What We Can Learn From Iceland
In Iceland, most babies are born to parents who aren’t married and no one is freaking out about it. Does marriage matter?
For much of history, marriage mattered. It was a way to make sure property could be passed to heirs, alliances could be forged (often to avoid wars), children could be reared, society could be assured that caregiving would be taken care of and a lot of other practical matters, as historian and Marriage, a History author Stephanie Coontz has extensively detailed. And it’s true that marriage matters today in the U.S., because it grants those who tie the know more than 1,100 perks and protections — and that’s just at the federal level. But what if marriage didn’t matter — people could be romantically partnered or not, have children as part of a couple or not, and still be accepted by society and set up to succeed. Enter Iceland, where more than two-thirds of babies — 67 percent — are born to parents who aren’t married. And no one is freaking out about it. Would we still need marriage? Good question.
I recently stumbled upon the setup for an episode of CNN’s The Wonder List, which sent reporter Bill Weir to the country to explore its many charms. Among them was the progressive way of thinking about how people can raise children without being married to each other.
Marriage isn’t just about children
OK, marriage is not just about having kids, so we need to be clear about that. But the belief that marriage is exactly about that — which means marriage must involve sex — creates a very narrow view of marriage, and thus a very narrow view of family. Which is probably why, in the U.S., single moms are blamed and shamed, and seen as a problem to be fixed.
But in Iceland? As one woman who has has three kids with two partners “and not a drop of shame or regret” tells Weir:
You have this horrible term in English, ‘broken families,’ which basically means just if you get divorced, then something’s broken. But that’s not the way it is in Iceland at all. We live in such a small and secure environment, and the women have so much freedom. So you can just, you can choose your life.”
Women having freedom to choose their life. Boy, doesn’t that sound good?
Religion may be the problem
Since few Icelanders are religious, “there is no moral stigma attached to unwed pregnancy,” he writes. And that’s a huge difference between Iceland and the U.S. — as well as the fact that Iceland guarantees some of the most generous parental leave in the world. Conservatives in the U.S. who claim to support “family values” have a simple view of family — the 1950s nuclear model where women know their place, barefoot and pregnant in the kitchen — are doing everything to put us back there, including attempts to do away with birth control. Nothing will put a woman in her place quicker than taking away the right for her to control her own body.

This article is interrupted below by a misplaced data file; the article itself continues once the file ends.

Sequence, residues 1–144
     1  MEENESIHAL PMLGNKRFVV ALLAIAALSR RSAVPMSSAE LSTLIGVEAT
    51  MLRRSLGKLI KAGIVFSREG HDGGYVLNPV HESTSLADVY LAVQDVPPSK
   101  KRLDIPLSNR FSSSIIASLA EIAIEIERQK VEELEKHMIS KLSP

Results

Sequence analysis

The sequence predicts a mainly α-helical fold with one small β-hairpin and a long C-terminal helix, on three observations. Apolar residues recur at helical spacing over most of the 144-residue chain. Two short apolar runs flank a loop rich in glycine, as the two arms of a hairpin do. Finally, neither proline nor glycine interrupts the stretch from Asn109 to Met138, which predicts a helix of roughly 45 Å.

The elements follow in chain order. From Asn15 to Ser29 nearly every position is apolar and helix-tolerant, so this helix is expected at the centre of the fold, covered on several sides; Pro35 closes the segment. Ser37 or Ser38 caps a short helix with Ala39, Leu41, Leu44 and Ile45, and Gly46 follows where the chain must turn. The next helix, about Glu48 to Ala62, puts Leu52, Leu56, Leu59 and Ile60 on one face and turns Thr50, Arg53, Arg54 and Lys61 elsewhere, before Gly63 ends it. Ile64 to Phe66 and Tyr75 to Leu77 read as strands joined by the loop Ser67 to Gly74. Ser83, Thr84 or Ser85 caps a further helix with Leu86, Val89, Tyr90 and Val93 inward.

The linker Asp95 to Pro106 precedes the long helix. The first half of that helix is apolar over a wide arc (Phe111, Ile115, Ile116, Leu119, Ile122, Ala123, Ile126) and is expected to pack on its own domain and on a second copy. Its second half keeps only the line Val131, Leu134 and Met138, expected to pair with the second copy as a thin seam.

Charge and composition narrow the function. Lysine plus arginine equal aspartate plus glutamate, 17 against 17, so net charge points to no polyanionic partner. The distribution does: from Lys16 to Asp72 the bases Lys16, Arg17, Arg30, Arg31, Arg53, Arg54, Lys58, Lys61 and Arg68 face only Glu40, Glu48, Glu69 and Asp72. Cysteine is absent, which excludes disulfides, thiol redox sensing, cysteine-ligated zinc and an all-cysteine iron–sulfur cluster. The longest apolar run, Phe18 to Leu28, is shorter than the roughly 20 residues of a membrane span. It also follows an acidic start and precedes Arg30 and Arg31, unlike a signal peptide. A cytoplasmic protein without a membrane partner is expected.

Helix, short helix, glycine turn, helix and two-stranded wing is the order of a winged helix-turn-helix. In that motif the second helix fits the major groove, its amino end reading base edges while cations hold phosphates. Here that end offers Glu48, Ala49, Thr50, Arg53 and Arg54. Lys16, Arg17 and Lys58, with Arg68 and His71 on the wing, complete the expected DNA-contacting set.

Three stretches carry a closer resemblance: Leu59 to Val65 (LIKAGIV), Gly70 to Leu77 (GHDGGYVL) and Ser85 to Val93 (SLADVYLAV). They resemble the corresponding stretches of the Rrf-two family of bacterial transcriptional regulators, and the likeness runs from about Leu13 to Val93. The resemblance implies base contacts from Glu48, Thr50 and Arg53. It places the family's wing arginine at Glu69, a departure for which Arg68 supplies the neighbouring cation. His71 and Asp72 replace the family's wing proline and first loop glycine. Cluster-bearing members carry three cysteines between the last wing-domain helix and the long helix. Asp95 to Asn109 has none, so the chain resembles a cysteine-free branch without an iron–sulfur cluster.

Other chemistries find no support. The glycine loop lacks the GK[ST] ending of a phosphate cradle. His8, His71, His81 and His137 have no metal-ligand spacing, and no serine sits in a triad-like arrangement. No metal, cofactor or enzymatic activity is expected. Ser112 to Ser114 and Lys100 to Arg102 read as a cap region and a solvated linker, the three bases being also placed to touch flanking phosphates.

Women in Iceland benefit from the country’s “it takes a village to raise a child” attitude, as well as how motherhood is perceived — it doesn’t define you as a woman. Nor does your relationship status.
So, really, is it marriage per se that matters most or is it a society that supports all sorts of lifestyles and caregiving without requiring that a woman be in love with — let alone live with or marry — someone to raise children?
Clearly, it isn’t just about marriage despite matter all the hand-wringing in the U.S. about the declining rates of marriage, women having children outside of marriage and the “success sequence.”
Do we need marriage?
So, would we still need marriage if everyone thought like Iceland does?
Would you still be with your loved one if marriage didn’t exist? Would you feel that you were an adult if marriage didn’t exist? Would you have children with him or her as long as you had societal support — or an agreement between the two of you to make sure your child is cared for you both equally no matter what?
What would you do differently if no one treated you differently if you were married or not?
Wondering if you should marry or not? (Of course you are!) Then read The New I Do: Reshaping Marriage for Skeptics, Realists and Rebels (Seal Press). You can support your local indie bookstore or order it on Amazon.